As to the eyes, they can also be traced in the production nourished by AfroCuban roots: in Lam, eyes are rhomboidal, repeated to the point of becoming emblematic and have come to be the symbol of several art show summons. In Mendive, the eyes have always been present. In his current production, they can be circles that stand out in the facial space, or can also be a significative dark point that shapes a formless zone. But the «eye that has sight» is always important: it is the contact between the visible and the hidden, the possible unveiling of future situations. It should not be forgotten that the image of the Elegguá, so present in Mendive’s earlier work, is always presented with eyes that look in diverse directions, for it is the deity of the diverse possibilities.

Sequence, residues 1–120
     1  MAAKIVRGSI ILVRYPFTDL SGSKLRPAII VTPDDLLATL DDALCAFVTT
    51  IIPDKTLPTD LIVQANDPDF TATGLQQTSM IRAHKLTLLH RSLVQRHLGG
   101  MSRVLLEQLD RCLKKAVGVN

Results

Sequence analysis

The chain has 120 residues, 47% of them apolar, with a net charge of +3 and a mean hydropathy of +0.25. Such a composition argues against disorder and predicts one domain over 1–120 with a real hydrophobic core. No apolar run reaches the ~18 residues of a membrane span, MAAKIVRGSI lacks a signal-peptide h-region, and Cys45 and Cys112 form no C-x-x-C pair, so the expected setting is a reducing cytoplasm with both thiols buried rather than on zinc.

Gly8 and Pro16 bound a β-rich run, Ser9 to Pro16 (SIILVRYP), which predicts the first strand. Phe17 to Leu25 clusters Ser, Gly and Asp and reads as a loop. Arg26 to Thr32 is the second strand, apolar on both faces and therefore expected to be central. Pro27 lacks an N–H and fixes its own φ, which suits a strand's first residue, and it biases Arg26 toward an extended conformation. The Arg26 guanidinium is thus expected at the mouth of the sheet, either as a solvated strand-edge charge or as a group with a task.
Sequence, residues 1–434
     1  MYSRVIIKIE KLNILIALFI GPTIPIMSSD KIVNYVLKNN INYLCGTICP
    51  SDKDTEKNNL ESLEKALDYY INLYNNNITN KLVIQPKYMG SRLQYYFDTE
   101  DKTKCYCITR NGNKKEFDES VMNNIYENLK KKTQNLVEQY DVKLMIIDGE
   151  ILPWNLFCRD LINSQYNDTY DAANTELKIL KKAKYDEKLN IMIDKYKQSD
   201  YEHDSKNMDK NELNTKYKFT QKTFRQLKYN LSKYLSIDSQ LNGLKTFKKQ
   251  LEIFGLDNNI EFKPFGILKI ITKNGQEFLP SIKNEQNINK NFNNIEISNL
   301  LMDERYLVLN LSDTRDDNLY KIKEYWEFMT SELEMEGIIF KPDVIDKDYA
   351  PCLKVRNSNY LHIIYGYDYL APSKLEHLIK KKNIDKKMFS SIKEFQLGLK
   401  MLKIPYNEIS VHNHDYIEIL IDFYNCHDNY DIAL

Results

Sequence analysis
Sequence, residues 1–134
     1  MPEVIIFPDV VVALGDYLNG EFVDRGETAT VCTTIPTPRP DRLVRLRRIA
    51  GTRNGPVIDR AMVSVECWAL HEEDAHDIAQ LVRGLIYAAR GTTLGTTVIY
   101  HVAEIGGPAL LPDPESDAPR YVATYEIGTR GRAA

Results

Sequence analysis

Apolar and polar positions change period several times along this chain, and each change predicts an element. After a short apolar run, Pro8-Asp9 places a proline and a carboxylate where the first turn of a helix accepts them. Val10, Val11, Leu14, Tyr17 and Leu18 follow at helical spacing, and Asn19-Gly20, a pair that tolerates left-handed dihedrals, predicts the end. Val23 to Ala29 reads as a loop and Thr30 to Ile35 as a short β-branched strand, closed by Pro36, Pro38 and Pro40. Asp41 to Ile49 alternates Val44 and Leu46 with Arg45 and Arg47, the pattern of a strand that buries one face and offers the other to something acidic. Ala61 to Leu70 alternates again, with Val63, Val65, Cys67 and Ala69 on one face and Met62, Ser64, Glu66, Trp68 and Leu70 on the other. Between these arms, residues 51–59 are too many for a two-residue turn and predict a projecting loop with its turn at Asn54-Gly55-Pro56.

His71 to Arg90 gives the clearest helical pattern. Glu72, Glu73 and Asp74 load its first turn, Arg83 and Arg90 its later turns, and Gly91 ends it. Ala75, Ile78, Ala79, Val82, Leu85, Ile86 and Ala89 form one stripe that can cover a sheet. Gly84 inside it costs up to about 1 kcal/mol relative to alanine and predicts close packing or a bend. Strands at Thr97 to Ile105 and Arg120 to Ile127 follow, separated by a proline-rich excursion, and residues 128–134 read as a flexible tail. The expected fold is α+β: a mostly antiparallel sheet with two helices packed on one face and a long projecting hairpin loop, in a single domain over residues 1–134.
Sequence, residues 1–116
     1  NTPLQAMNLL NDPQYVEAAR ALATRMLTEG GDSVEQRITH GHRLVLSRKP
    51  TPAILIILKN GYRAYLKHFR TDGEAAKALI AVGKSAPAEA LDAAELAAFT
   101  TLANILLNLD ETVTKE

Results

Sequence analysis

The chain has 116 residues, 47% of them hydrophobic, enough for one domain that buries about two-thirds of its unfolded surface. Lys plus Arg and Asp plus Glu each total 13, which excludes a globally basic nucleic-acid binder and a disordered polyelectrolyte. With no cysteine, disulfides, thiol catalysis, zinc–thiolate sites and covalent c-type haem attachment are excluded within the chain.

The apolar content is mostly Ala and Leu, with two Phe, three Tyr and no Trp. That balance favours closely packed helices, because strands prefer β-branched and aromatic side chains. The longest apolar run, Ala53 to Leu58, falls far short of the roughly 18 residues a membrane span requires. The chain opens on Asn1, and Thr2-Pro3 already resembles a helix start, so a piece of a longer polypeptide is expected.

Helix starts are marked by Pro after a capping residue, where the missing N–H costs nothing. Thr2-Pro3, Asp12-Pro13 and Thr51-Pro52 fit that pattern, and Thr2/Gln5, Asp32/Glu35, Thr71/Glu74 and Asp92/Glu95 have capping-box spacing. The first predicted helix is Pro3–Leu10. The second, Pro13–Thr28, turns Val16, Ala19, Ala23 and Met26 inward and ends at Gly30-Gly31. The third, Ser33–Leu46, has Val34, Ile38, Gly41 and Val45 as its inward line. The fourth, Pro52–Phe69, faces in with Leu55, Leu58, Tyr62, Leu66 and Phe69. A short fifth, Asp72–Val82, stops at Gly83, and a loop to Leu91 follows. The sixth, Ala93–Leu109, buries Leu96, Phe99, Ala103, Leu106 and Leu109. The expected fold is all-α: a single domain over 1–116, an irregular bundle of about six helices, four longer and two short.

Mendive’s present imagery tends to offer possible figures of tenuous beings accompanied by sacred animals, all coming forth from a creativity rooted in vital beliefs. Mendive does not seem to feel sharp and excluding cuts. The change from an expressive mode to another all through his work obeys to a unique creative impulse that has dominated him since childhood. There have been, to be sure, some zones of darkness through which light has always shone forth. Always, since childhood, Mendive has felt the urgency of bringing forth that creative impulse that has led him to so many original and unusual experiences. He will surely follow that road, that is, I’m sure, “very vital”, as is the title of one of his recent sculptures. For the proverbs are not mistaken: “Tree born to be a violin, sounds in the forest”. And Mendive sounds, without doubt, and will continue to do so, for our joy and enrichment.

Adelaida de Juan